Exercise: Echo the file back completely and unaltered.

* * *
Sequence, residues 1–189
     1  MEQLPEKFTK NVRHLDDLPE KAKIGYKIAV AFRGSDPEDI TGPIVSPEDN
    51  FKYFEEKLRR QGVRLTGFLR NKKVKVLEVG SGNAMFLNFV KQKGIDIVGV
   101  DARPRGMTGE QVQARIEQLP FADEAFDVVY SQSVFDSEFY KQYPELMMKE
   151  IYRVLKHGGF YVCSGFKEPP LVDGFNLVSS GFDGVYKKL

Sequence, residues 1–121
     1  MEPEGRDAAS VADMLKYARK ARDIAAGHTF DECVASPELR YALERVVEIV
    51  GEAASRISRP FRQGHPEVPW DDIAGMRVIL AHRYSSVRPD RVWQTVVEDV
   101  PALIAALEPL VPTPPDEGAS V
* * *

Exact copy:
Sequence, residues 1–189
     1  MEQLPEKFTK NVRHLDDLPE KAKIGYKIAV AFRGSDPEDI TGPIVSPEDN
    51  FKYFEEKLRR QGVRLTGFLR NKKVKVLEVG SGNAMFLNFV KQKGIDIVGV
   101  DARPRGMTGE QVQARIEQLP FADEAFDVVY SQSVFDSEFY KQYPELMMKE
   151  IYRVLKHGGF YVCSGFKEPP LVDGFNLVSS GFDGVYKKL

Sequence, residues 1–121
     1  MEPEGRDAAS VADMLKYARK ARDIAAGHTF DECVASPELR YALERVVEIV
    51  GEAASRISRP FRQGHPEVPW DDIAGMRVIL AHRYSSVRPD RVWQTVVEDV
   101  PALIAALEPL VPTPPDEGAS V